What’s In A Name?

By Greg Quinn

December 22nd, 2014

When we were born, we were all given a name.  A name is how people identify us.  Some names carry family traditions, some carry personality traits, some are given for popular culture at the time, some are unmistakable, some are common.  A name is the most important identifier that any of us have.  We name our children names that we think have significance.  We even name our dogs names which have significance.  So to us, a name is very important.

We are known by our names.  Our names are our most significant identifier.  Sometimes our given name is not enough, and we are given nicknames that further identify us.

Native Americans gave their children names based upon what they saw that day.  Running Deer or Crooked Tree or whatever other name was given was based upon something they saw that was significant.  Most of us are given names after family, friends, important people, a name that identifies with our looks or character, or just a name that sounds cool.  In any event, names are important.

God thinks names are important.  He named the first man Adam.  He asked Adam to name every animal in the world.

And, God’s name is important.  From the great I AM to Jehovah to all the other great names for God, each name has significance.  From Eternal God, to Everlasting Father, there are so many names for God, each with great significance.  God’s names show His love, His patience, His power, His judgment, His all-knowing, His presence everywhere, His grace and mercy.

In this Christmas season, when we celebrate the birth of Jesus Christ our Savior, we should also pay attention to the significance of His name.


Matthew 1:18 Now the birth of Jesus Christ was on this wise: When as his mother Mary was espoused to Joseph, before they came together, she was found with child of the Holy Ghost.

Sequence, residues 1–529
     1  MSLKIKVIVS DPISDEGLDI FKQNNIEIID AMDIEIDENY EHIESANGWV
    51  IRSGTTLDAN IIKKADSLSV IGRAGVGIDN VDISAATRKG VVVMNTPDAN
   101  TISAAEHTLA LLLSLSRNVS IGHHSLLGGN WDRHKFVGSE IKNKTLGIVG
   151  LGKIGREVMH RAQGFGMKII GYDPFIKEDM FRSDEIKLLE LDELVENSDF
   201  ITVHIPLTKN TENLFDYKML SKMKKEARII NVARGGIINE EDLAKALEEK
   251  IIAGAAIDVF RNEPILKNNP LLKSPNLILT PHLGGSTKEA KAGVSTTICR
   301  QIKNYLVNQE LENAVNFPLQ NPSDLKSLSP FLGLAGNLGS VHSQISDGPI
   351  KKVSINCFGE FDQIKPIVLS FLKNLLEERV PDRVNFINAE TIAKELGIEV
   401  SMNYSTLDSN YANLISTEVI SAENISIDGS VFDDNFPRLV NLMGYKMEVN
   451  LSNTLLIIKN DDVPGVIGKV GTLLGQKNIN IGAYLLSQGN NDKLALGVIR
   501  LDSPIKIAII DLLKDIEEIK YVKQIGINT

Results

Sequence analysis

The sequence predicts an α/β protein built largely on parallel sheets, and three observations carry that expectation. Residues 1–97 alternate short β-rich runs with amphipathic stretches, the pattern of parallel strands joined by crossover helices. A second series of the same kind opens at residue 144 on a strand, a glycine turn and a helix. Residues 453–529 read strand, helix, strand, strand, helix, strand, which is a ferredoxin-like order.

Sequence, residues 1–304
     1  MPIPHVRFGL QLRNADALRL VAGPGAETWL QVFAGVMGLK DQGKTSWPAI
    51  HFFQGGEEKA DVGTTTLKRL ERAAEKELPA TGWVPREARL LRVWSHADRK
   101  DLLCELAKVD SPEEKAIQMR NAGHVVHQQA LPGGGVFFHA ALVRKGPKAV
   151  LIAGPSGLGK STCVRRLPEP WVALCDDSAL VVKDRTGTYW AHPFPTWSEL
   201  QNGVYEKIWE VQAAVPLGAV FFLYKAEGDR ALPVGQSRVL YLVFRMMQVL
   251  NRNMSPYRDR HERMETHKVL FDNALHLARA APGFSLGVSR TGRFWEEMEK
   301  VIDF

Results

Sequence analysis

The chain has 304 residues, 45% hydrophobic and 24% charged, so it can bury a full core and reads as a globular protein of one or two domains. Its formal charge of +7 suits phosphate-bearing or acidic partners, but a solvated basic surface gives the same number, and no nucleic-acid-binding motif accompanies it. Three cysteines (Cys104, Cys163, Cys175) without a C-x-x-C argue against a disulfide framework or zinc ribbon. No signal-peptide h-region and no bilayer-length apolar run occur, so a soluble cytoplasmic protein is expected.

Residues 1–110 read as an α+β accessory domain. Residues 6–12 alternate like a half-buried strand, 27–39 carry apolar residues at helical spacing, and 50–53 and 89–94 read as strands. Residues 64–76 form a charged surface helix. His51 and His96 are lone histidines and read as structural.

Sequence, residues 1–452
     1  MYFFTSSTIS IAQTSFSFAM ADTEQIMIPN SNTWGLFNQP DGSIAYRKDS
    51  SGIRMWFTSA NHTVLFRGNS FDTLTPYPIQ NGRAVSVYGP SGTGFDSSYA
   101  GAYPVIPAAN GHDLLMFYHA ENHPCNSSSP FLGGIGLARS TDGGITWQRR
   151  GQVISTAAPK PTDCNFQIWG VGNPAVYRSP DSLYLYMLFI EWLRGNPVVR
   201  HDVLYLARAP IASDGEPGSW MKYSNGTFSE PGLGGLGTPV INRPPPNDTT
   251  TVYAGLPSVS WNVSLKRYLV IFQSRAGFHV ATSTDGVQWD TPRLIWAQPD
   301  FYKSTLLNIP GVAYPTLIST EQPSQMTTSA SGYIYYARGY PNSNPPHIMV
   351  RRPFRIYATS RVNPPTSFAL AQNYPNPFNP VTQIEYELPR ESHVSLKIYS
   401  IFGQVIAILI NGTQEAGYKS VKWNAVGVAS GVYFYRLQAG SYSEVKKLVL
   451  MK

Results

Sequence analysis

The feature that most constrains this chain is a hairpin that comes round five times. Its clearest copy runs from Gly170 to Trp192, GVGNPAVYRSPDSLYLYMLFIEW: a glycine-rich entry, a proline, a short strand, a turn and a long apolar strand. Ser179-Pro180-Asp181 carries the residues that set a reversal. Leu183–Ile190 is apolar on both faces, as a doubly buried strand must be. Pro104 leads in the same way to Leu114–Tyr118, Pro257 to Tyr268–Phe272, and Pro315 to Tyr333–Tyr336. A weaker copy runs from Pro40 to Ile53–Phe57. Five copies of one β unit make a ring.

19 Then Joseph her husband, being a just man, and not willing to make her a public example, was minded to put her away privily.

20 But while he thought on these things, behold, the angel of the Lord appeared unto him in a dream, saying, Joseph, thou son of David, fear not to take unto thee Mary thy wife: for that which is conceived in her is of the Holy Ghost.

21 And she shall bring forth a son, and thou shalt call his name Jesus: for he shall save his people from their sins.

22 Now all this was done, that it might be fulfilled which was spoken of the Lord by the prophet, saying,

23 Behold, a virgin shall be with child, and shall bring forth a son, and they shall call his name Emmanuel, which being interpreted is, God with us.

24 Then Joseph being raised from sleep did as the angel of the Lord had bidden him, and took unto him his wife:

25 And knew her not till she had brought forth her firstborn son: and he called his name Jesus.

“Jesus” was actually a common name of the day.  So to name Mary and Joseph’s son Jesus wasn’t unusual.  However, the significance of the name shouldn’t be lost on the commonality of the name itself.  God said He should be named Jesus, for he would save his people from their sins.  No doubt others in Israel named their baby boys “Jesus” in looking for the forthcoming Messiah.  But this baby named Jesus WAS the forthcoming Messiah.

Another translation for Jesus’ name was Emmanuel, meaning “God with us”. 

So in this passage we see that Jesus is identified with two names and one title.  No other “Jesus” was given the title of the Christ, or the Savior, or the Messiah.  Jesus’ name means that he will save us from our sins.  And Emmanuel means “God with us”.  Although Jesus has many more names associated with Himself (Savior, Son of God, Son of Man, Everlasting, the Word, the Bread of Life, etc.), we will look only at these names indicated in this one passage of scripture, a common scripture known my most as the Christmas story, to understand the significance of the name of Jesus.